Their insights and opinions are, I'm sure, important to those individuals: but I am not at all convinced that competence in one field implies competence in another.
(From NASA / G. Bacon, STScI; via Sci-News.com; used w/o permission.)
"This artist's impression shows an extrasolar gas giant orbiting a binary star system."
"Kepler-34b Helps Explain How Circumbinary Exoplanets Form"Models of planetary development which predicted that binary stars in a close orbit wouldn't have planets were fine: until we started finding planets in orbit around close binaries, like the Kepler-47 system. Those planets weren't a complete surprise, since scientists had already realized that the early Solar system was much livelier than they'd first thought.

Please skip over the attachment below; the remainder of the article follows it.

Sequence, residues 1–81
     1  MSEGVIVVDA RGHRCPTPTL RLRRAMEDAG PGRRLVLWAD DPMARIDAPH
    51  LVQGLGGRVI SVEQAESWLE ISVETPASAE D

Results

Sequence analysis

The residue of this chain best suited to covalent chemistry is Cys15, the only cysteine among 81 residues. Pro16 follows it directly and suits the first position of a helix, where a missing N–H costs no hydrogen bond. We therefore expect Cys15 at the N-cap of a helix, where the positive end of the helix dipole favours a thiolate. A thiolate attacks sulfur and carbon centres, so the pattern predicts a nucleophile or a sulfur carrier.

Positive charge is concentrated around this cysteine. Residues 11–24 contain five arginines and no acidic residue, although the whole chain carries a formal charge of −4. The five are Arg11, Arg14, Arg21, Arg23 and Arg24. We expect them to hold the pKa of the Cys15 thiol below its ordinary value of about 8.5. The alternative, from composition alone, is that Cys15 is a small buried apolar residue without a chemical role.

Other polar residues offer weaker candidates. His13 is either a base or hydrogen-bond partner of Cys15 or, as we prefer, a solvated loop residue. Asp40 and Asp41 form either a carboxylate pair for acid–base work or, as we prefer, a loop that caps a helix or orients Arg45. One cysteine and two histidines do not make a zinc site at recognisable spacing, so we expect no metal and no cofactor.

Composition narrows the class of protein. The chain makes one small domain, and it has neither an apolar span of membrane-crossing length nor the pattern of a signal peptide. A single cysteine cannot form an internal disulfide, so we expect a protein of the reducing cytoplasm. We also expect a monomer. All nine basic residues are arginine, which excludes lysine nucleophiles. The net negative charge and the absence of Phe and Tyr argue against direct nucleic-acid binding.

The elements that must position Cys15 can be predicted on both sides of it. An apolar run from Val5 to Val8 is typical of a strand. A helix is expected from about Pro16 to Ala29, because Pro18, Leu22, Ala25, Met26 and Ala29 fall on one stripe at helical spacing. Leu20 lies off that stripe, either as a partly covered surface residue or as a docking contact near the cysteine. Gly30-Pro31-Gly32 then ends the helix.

Sci-News.com (January 31, 2014)
"Researchers reporting in the Astrophysical Journal Letters have found that the majority of circumbinary planets – planets that orbit two stars – were actually formed much further away from their binary stars and then migrated to their current locations.
"There are few environments more extreme than a binary star system in which planet formation can occur.
"Powerful gravitational perturbations from the two stars on the rocky building blocks of planets lead to destructive collisions that grind down the material...."
Even so, the more we learn about this universe, the more we find that we have to learn. I like living in a world where we're not likely to run out of surprises.
"I have no doubt that in reality the future will be vastly more surprising than anything I can imagine. Now my own suspicion is that the Universe is not only queerer than we suppose, but queerer than we can suppose."Related posts:
(J. B. S. Haldane, via Wikiquote)
- "Old Water, Older Fossils, and Extraterrestrial Etiquette"
(November 15, 2013)
- "Getting a Grip About Science, Religion, Technology, and Magic"
(March 13, 2013)
- "Seriously Searching for Life in the Universe"
(February 8, 2013)
- "Reason, Evidence, and Searching for Truth"
(February 3, 2013)
- "Science, Faith, and Auto Mechanics"
(August 19, 2010)